Editor: It is with great reluctance and not a little discomfort that I find myself in disagreement with any B&C pronouncement.
I refer to your editorial (“Rather Sad,” Sept. 24), which in part resembles an ad hominem attack on an honorable individual who has earned his status as an icon of our profession.
During a long and illustrious career, no one ever accused Dan Rather of a lack of sincerity or found him wanting for integrity. Why, then, deny him that sincerity now that he has taken legal action against his former network?
Mr. Rather may perhaps have been inaccurate from time to time. But so have we all as we attempt to speak truth with a good heart.
Whatever else you may say about him, no one has ever found Dan Rather guilty of deception. Thus, if he truly and sincerely believes the news organization to which he devoted most of his professional life was unfair, unjust or inaccurate in its treatment of him when the going got tough in the aftermath of the Texas Air National Guard episode, he has to speak out now.
He is, in effect, saying that the network is not telling the truth, the pursuit of which he has devoted his life to and on which he has staked his reputation.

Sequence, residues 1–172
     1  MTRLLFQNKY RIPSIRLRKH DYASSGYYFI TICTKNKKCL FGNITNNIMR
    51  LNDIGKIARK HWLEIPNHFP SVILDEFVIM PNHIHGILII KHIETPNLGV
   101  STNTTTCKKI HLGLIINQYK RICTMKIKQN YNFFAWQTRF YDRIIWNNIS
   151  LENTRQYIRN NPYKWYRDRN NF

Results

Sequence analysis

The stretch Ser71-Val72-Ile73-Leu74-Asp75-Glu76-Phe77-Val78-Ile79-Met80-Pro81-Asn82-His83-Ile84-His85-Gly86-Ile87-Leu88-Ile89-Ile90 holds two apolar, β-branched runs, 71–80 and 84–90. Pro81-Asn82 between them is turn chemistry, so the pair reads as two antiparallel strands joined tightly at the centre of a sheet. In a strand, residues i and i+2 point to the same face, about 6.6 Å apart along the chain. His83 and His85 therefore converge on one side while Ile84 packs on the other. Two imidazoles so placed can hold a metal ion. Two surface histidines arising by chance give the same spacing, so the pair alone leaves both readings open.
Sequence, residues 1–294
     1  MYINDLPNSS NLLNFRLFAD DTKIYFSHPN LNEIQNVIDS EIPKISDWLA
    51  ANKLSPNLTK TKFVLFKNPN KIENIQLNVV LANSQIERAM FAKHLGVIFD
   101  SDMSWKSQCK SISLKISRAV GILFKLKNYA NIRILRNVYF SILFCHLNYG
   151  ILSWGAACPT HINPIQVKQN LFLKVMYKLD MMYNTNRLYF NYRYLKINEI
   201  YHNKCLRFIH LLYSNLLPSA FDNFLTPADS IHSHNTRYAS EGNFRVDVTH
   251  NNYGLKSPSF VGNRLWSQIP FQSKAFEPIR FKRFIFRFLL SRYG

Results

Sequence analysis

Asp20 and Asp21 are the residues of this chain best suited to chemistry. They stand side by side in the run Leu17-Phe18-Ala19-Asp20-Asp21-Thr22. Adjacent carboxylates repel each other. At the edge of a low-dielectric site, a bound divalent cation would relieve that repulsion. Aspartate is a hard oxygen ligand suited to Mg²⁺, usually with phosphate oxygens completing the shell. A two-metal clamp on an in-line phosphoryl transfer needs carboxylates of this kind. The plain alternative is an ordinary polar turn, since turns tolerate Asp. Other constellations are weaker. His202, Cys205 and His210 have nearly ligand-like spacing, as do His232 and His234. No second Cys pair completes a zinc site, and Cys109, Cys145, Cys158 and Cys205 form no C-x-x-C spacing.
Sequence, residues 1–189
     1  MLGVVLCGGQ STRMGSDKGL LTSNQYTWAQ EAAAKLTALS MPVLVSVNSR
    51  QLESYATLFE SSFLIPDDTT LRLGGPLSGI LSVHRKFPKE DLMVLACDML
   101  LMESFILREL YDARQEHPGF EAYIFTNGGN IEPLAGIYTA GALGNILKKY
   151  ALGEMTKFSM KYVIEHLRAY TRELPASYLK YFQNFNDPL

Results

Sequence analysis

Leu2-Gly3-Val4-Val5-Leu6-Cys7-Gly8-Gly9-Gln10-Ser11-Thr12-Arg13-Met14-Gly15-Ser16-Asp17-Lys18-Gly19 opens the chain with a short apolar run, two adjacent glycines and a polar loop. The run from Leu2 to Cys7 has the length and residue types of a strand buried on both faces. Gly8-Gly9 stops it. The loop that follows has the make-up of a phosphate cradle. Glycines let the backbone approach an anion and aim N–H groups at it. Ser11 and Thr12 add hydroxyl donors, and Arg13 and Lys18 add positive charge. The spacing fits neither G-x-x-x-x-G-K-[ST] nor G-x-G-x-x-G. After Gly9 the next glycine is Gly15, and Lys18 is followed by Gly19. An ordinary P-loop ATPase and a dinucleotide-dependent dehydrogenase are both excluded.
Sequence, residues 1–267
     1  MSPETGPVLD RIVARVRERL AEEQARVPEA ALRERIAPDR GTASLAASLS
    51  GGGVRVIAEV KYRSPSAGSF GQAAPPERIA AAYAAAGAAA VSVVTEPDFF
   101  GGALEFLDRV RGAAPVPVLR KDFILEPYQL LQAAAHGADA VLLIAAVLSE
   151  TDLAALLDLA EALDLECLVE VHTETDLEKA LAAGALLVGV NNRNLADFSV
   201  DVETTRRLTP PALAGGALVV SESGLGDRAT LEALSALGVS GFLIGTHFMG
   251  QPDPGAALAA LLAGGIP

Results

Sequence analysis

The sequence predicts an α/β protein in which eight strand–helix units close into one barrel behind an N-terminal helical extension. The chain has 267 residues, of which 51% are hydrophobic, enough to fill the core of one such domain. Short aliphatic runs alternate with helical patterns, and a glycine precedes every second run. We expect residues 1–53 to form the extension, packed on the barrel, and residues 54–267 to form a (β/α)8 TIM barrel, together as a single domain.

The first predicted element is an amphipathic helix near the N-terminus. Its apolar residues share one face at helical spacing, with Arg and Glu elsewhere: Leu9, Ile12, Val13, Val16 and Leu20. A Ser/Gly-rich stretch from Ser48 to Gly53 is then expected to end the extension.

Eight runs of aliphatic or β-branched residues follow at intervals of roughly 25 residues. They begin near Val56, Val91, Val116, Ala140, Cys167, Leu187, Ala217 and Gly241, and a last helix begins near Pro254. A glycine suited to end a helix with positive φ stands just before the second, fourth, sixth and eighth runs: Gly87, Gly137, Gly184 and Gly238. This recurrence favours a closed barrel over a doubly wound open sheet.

Indeed, your editorial, for all its harshness, doesn’t really say he’s wrong—or not telling the truth. But here we have Dan Rather saying the network is not telling the truth, while B&C is, in essence, saying it’s all right to leave this stain on your reputation.
He is also saying that not only did his former employer not tell the truth about his involvement with the ill-fated and flawed exposé about the president’s National Guard experience, but that they used him badly to clean up the mess.
I take no side as to the legal merits of his case, except to suggest that it becomes—rather than demeans—him to seek redress in the courts. And in the court of public opinion and the minds of those he has served so well and for so long.
New Rochelle, N.Y.